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Thursday, June 11, 2009
You have heard of the third-world debt crisis: now for the one in the first world. Ordinary people, up to their necks in debt, will bear the brunt while the rich get off scot-free
British and American consumers are obedient and compliant. When the central bank chiefs of America and Britain, Alan Greenspan and Eddie George, sidled up to them in the 1980s and 1990s, nodded and winked, they took the hint, and dutifully embarked on a binge of borrowing and spending. The nod and the wink were never explicit, but the easy money policies that deregulated lending, boosted credit card companies and lowered interest rates have provided the incentives for consumers (on declining incomes) to borrow like there's no tomorrow. That, consumers rightly calculate, is just what the powers that be want them to do.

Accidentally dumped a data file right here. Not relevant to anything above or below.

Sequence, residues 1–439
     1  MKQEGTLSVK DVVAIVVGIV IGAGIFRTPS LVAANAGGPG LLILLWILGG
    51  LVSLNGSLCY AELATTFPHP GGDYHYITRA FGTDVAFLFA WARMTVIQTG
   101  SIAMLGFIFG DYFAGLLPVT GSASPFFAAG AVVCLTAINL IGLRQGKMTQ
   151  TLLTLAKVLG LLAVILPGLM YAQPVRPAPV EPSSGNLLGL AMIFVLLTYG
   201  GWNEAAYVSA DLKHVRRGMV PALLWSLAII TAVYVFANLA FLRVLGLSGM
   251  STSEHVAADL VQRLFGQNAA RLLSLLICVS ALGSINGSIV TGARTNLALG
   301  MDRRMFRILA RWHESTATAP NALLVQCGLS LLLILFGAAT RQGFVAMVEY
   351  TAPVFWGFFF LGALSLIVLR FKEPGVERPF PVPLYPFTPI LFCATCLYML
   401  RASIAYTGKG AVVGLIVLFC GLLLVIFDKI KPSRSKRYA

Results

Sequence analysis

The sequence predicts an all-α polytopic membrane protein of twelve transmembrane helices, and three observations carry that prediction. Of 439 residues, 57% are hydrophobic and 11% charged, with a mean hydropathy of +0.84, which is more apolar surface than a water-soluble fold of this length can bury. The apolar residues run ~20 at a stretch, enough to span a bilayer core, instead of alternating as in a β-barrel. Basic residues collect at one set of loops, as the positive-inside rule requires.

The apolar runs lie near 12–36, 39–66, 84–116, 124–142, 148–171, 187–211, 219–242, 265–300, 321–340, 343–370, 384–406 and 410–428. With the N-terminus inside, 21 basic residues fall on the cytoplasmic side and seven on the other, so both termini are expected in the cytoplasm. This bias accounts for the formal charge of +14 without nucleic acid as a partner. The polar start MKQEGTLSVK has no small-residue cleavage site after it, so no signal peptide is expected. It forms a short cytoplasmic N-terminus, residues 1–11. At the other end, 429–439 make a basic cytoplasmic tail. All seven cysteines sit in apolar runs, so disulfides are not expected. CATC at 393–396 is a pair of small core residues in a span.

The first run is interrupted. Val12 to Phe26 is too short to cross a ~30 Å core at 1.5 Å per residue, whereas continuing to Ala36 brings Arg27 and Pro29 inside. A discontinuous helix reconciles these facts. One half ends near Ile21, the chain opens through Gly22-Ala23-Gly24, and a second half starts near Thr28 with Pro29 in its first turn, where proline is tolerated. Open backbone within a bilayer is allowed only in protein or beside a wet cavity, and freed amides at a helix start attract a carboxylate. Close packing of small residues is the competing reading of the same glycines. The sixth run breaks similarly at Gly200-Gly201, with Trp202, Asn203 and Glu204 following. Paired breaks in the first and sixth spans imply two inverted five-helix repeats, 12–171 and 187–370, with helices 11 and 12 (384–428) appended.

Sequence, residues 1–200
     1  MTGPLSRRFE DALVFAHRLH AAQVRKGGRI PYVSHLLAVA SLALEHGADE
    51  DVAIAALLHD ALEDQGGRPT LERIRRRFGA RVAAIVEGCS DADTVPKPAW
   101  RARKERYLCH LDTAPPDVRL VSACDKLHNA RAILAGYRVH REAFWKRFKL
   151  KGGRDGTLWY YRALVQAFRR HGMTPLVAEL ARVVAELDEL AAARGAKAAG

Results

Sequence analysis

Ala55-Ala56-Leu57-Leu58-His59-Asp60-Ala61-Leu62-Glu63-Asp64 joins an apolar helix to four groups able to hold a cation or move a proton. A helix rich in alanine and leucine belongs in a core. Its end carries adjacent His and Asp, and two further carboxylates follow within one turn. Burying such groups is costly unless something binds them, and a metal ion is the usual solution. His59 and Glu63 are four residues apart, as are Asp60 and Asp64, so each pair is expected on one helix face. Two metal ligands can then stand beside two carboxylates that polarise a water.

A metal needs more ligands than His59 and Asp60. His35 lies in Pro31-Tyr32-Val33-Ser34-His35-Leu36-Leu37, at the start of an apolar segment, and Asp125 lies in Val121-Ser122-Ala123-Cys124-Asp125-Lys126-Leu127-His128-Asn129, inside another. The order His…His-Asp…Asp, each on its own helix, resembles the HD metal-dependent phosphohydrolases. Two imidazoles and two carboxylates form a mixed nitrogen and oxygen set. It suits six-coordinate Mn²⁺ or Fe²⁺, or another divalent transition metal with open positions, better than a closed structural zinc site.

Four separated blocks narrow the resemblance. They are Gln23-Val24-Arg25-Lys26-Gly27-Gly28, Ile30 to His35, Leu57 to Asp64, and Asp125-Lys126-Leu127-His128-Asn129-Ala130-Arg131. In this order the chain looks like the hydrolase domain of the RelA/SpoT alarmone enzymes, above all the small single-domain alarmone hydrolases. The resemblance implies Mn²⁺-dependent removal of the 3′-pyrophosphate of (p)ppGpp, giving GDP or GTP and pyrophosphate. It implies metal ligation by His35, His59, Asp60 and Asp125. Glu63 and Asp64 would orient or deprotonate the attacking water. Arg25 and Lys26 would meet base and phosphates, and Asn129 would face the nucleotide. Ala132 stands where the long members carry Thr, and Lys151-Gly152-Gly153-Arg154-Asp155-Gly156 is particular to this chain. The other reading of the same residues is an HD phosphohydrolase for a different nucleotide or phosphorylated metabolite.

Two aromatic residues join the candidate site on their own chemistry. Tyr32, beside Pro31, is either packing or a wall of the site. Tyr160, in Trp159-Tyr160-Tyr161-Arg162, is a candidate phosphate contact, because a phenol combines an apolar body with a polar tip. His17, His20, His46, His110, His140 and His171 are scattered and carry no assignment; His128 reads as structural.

And so debt has spiralled. By borrowing and spending, the middle-class consumers of the US and the UK, heroically and almost single-handedly, are holding up damaged economies, scarred by the bursting of asset bubbles such as stocks, telecoms and dotcoms. These bubbles, in turn, had their origins in the credit bubble created by central bankers and other deregulators.
But one group of people has stayed away from the party: the rich. According to the new annual report on the global econ- omy from the New Economics Foundation (NEF), the rich have declined to become heavily indebted, both in the US and the UK. They have sat idly by and watched as central bankers helped inflate a credit bubble, which then flowed into and fortuitously pumped up the value of assets, including property.
sketched by dweller at 11:41 pm
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